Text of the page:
Anyway, I didn’t want a fan club in the audience. I was nervous in this new environment. But my longest running fan agreed to show up that night to support me. Duke sat at the bar and watched me perform in the show. I can still see his smile. And I am pretty sure he was looking at me and not the snake lady.

When the MC announced the winner, I had won. A kid performing what was then being referred to as a dying, vaudeville, prop comedy act, beat out the New York and New Jersey slicksters. That night I was baptized a comedian/ventriloquist. The other performers congratulated me. The snake lady hugged me and her hug lingered. Or was that the snake?

My big brother Duke came over and patted my back. He offered in jest to be my agent. I told him why not, he was the one that got me started.

From that night I went on to perform hundreds of shows for audiences of all types. I have performed in casinos and church basements; large corporate events to back room bachelor parties. I even proposed to a woman with a monkey puppet on Christmas morning on behalf of her groom to be. I have poked fun at working folks and millionaires; small town mayors to governors and senators. I have had a blast all the while and get paid handsomely to do so.

If it was not for that box my brother Duke handed me that Christmas morning, none of it would have happened.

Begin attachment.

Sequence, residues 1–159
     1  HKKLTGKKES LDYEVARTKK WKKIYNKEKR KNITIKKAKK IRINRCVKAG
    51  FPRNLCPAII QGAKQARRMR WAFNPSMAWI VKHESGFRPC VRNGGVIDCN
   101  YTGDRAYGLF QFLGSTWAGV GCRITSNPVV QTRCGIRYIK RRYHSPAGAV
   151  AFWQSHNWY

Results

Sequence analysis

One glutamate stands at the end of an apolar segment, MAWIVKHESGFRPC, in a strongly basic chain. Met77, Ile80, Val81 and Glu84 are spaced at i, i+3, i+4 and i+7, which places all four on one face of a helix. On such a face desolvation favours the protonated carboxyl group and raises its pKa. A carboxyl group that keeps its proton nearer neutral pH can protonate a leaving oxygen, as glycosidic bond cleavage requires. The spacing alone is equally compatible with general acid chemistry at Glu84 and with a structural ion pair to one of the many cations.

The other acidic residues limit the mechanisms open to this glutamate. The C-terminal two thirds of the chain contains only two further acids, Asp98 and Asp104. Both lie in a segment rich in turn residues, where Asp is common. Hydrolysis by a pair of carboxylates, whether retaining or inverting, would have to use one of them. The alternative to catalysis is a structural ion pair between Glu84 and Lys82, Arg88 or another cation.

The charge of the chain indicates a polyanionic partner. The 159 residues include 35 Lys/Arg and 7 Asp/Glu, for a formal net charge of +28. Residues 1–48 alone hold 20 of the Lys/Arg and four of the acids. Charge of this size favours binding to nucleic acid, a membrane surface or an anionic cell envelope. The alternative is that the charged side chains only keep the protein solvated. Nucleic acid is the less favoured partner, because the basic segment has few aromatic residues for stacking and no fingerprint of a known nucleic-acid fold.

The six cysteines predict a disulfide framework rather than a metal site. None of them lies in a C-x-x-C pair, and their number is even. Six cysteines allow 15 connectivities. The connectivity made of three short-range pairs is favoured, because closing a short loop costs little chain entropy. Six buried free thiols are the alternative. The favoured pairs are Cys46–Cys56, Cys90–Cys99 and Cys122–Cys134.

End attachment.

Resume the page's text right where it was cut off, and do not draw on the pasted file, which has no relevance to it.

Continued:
You Never Know the Gifts You Bear

This story has little to do with me. This story is about my brother Billy “Duke” Getler’s Christmas morning gift..

In a previous post, I told of how he past away suddenly, just two days before Thanksgiving. His death was quick and unexpected, but not terribly sad. His death had a message because he died doing exactly what he had planned on doing with his life. How many of us can say that?

I can’t imagine having lived my life thus far without having been given that little Danny O’Day dummy from my brother. As important, the instructional album I played repeatedly taught me to be a ventriloquist. I listened so much I thought I knew Jimmy Nelson. Years later, he would become a friend (Danny, too).

My brother gave me more than a red and white box containing a stuffed body and a plastic head with a string hanging from the back of his neck. He gave me the gift of a lifetime.

Life may have been very different were it not for that Christmas morning. I could have ended up a shy adult. I would have missed out on some pretty amazing adventures. And even though saying, “Some of my best friends are ventriloquists.” sounds like a snarky response to an insult, it is true. My ventriloquist pals are among my oldest and dearest friends

When you give a gift to a child, think about the impact that gift may have on that young person. Your gift may just set them in a new direction.

If they embrace that gift, support that kid along the way. It may be life changing. Your gift may help them discover new things that they did not know existed.

As a result, you may even have to end up in a New Jersey nightclub seeing a lady do something indescribable with a snake. You can chalk that up to an experience in your own life. Win-win.

See my friend Jeff Dunham’s revival of Jimmy Nelson’s lessons on ventriloquism. Order one for a young person this Christmas.

Al Getler is a newspaper, website, book and magazine publisher. He is also a comedian/ventriloquist and a speaker on leadership, customer service and personal branding.